I am not a Police officer but have enough experience of policing and as a junior, middle & senior manager in a number of structured organisations, to know that Direct entry to Police above the level of Constable would be very dangerous. There are very few non-Police managers who will have the breadth of experience that will enable them to take both a strategic and tactical view of policing situations and, at the same time, have the tacit knowledge gained from personal experience, that is essential when making decisions within split-seconds and under pressure. I have a pretty open mind (RM please note ) when it comes to developing people and moving them up in organisations depending on their skills and capabilities. However, a Policing environment is different - the "stakeholders" (sorry about that word) in a policing situation are not just Police Officers but the vast array of the public as individuals or organisations with varying levels of interest. To be able to deal with such interests, a Police Supervisor needs experience in dealing with people often in traumatic / pressured situations. That doesn't often happen in office environments nor even in the retail trade. What might be appropriate is for some senior level Police jobs that do not require warranted powers to be done by non-Police officers but the essence of the British Police Officer on-the-streets is that he/she is experienced, can exercise split-second judgement, can be compassionate and well-versed in the rights and wrongs of the Law and what actions they must take or can exercise with discretion. There might be small numbers of former Armed Forces SNCOs and officers who might be able to bring the necessary tactical / strategic skills & experience but run-of-the-mill civilian managers - sorry, not on!
  5. 4 points
    Mark, I'm sure things vary from force to force but personally I am knackered. Every shift I am playing catch up. Last set of lates I had to stay on until 5am on one of them and 3 on the others just to catch up with my admin(and I don't get overtime). Every current missing person is supposed to be reviewed and taskings added. I am usually covering absences so have a responsibility covering a square mileage you wouldn't believe and I daren't write because the public will read it. Every new missing person has to be risk assessed and if it's high I co-ordinate as SIO. On nights I cover PACE as well, I do all the authorisations for vehicle seizures, over time and SIG markers. I am providing advice to often upward of 6 sergeants. Anything that requires safeguarding I review and ratify in writing what we have and haven't done and in between I deal with my complaints workload. I also have assessments for temporary Sergeants under my supervision to do for their promotion diplomas. While juggling all that I attend anything that sounds griefy, violent, complicated or messy. I review the deaths and decide if it's sus or not and carry the can for anything that goes wrong. I make sure I am seen about in all the nicks so people can doorstep me and am constantly putting out "fires". I am just touching on the tip of the iceberg of what I do and what my responsibilities are. -Every shift I am in 30 minutes to an hour early and off frequently long after all the PC's and my sergeants have gone home. On RD's I am checking emails appealing annual leave refusals and negotiating attachments for courses- If I didn't my inbox would fill up too fast I also stand in the CI/Supts office and pin my ears back and take the heat when a PC or skipper makes a mistake-Where I can I absorb that heat and if they don't need to know my teams don't hear about it. One of the new Inspectors on my rotation regularly went to the gents to throw up because his anxiety levels got so high with the responsibility he was carrying.... When I was a PC I had no idea what the Inspector did and very cushy it looked too. Don't get me wrong I enjoy my role but I/we work hard too. If my team spoke about me the way you've talked about your Insp I would be mortified.... HMS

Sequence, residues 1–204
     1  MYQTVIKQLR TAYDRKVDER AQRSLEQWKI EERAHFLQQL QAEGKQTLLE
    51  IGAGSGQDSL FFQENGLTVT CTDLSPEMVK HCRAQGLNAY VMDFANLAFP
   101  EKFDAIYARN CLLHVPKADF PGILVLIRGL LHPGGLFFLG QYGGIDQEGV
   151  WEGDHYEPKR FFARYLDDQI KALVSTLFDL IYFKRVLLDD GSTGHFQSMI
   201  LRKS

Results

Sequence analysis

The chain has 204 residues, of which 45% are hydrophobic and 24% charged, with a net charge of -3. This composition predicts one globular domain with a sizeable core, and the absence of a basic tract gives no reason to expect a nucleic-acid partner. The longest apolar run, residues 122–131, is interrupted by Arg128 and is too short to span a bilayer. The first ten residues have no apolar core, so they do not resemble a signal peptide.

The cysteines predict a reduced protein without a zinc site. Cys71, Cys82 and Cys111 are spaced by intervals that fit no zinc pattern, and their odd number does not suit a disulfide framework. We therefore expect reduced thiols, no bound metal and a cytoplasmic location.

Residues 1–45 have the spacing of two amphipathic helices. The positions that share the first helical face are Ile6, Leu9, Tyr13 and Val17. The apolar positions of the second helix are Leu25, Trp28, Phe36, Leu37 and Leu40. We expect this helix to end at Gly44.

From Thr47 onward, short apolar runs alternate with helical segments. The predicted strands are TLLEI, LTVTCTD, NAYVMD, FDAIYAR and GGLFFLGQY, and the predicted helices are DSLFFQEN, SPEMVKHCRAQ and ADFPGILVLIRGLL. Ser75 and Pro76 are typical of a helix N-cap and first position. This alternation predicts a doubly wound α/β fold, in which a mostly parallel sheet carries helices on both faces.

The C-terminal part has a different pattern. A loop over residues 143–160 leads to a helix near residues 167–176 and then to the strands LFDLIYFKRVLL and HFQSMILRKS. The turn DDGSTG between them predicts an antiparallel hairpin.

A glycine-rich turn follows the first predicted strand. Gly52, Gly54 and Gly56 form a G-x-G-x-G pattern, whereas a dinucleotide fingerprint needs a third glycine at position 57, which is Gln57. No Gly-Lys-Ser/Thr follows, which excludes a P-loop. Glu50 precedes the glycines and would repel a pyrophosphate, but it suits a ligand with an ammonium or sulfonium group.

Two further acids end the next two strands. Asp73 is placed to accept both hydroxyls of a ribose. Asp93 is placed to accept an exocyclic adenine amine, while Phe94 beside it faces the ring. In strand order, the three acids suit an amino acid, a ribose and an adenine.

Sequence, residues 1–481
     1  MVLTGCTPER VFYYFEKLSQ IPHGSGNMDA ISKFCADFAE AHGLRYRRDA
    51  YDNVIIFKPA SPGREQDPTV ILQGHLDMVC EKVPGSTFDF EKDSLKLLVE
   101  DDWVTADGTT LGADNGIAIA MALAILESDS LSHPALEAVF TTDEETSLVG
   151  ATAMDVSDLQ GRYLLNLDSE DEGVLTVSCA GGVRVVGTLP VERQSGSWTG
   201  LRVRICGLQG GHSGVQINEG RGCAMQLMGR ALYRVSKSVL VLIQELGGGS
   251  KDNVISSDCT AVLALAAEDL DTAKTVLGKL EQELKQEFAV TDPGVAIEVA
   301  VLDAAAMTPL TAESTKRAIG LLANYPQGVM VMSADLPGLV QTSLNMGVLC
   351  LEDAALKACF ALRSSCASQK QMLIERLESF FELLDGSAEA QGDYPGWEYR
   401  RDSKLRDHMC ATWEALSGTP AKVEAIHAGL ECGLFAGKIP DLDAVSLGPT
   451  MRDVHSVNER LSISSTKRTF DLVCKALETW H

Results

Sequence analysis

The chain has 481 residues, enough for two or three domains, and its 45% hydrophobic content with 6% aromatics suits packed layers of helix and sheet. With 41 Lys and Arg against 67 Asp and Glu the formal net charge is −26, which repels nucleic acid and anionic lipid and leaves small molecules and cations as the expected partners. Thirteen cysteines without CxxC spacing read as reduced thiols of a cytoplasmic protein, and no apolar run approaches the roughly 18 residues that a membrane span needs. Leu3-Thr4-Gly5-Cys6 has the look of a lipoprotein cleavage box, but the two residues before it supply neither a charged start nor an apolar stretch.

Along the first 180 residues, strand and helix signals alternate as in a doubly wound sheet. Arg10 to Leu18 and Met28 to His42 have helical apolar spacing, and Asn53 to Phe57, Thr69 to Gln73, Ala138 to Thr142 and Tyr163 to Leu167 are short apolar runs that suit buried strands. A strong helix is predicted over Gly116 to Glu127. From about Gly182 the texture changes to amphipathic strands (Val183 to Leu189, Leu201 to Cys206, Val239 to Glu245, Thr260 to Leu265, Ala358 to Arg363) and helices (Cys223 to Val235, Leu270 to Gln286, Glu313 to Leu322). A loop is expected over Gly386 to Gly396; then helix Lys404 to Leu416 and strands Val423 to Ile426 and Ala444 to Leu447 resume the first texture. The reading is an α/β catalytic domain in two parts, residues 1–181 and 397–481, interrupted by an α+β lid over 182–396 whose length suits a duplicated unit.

6. 3 points
    Where have all the old contributors gone to. When the site changed in January I found great difficulty in accessing the forum. I had registered originally with an email address I no longer used because it had been hacked. I could not change my password or anything. It was fortunate that I was able to contact the administrator and Moderators and they managed to sort out my new (Well old secure) email address and for me to set a new password. But where on earth are Quokka, Westie, Itoldyouonce, Cheese, Reasonable Man, GManc,Spider, etc,etc. I have joined one of the sister sites but it appears to be mainly Specials and PCSO's who know everything about everything, whilst, at the same time, knowing nothing. Experience is scorned as a dirty word. There do have to be different opinions, otherwise you would have a sterile environment with every poster saying "Yes I agree" agree, agree. I do hope that the old posters on here have not disappeared for good. Come back we need you. This edit was made after someone clicked "Like" The sister also seems to be very much Met orientated and they seem to work off different rules and even laws than the rest not us Plebs. And before someone replies, I am not anti Met, but there is life north of Watford Gap.